I ain’t Kidneying Around: A Cancer Story.

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Meet Kiki. She’s my left kidney.

On September 11th, 2017, Kiki made her exit from my body. I sent her on an all-expenses-paid lifetime vacation to anywhere but inside me. It wasn’t her fault, but she had to go.

She functioned perfectly. She was a super trooper, doing her filtering job with nary a complaint. I appreciate all she did and I told her so. “Thank you, Kiki. You’ve been an exemplary kidney. I love you.”

Kiki’s problem was she had a little beast stuck on her. It was called “non-invasive papillary urothelial carcinoma.” That’s short for cancer.

If cancer hasn’t touched you or someone you know and love, you are not breathing. If you have lived challenge-free in your life, I applaud you for being from another planet. We all have stuff, we all face mountains, right? No one gets off scott-free in the getting-the-sh*t-kicked-out-of-you department. I have friends who are living with cancer and loved ones I have sadly lost to this nasty trickster. Both of my parents have been challenged by it and have thankfully come out the other side. It seems everyone knows someone who has stared down the barrel of cancer.

I’m lucky. I got off easy. All I had to do was lose a kidney. (Wait, did she just say, “All I had to do was lose a kidney?”) Yup. No chemo, no biggie, just ’86 that organ right off the menu and return to life as normal (with maybe a little less salt).

By the way, in case you didn’t know, it’s from challenges like this that positive things emerge (not the salt part, obviously). For example, I got to learn a fancy new vocabulary word:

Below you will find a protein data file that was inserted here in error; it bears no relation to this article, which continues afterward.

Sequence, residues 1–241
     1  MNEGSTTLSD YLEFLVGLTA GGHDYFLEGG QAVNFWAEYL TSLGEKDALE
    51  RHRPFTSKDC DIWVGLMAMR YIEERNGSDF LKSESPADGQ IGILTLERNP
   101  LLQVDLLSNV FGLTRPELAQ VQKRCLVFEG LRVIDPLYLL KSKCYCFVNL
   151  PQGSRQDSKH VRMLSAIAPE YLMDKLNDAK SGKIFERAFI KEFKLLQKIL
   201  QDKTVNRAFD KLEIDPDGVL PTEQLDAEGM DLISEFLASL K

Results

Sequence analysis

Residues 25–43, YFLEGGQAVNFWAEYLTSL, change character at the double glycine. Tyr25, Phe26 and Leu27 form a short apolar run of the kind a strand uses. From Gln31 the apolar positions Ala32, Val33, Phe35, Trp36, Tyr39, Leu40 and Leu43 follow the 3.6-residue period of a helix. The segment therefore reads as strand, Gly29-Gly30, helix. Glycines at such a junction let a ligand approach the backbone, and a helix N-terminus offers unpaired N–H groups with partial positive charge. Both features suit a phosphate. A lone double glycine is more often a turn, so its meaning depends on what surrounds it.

Nephrectomy; noun. The surgical removal of one or both kidneys.

The September 11th surgery date was ironic, don’t you think? It was already a date laden with fear, devastation, and loss. Lemonade-making wasn’t going to be easy, but I was sure going to try. “It’s laparoscopic! Robotic! And guess, what? You finally get to see the world from the outside,” I told Kiki.

I visualized my sweet little kidney, as above, with bags packed, ready for a lifetime adventure-filled vacay. I saw her as this innocent, but brave organ with a ton of empty suitcases, begging to be filled. In them, I would pile every ounce of negativity living in my mind, my heart, and hidden pockets of my world. Every bad thought, sh*tty relationship, and black cloud in my history would go right into her bags.

I would put my woes in her suitcases and give them the “heave-ho!” Easy peasy!

I pictured Kiki making her way to the airport like Beyoncé, a squillion suitcases trailing behind her, extra baggage fee be damned! Bad juju would have a one way ticket to anywhere, leaving me in the peaceful clear.

One night, during a Mozart meditation (Violin Concerto #3), it occurred to me that I could expand on this packing and unloading concept.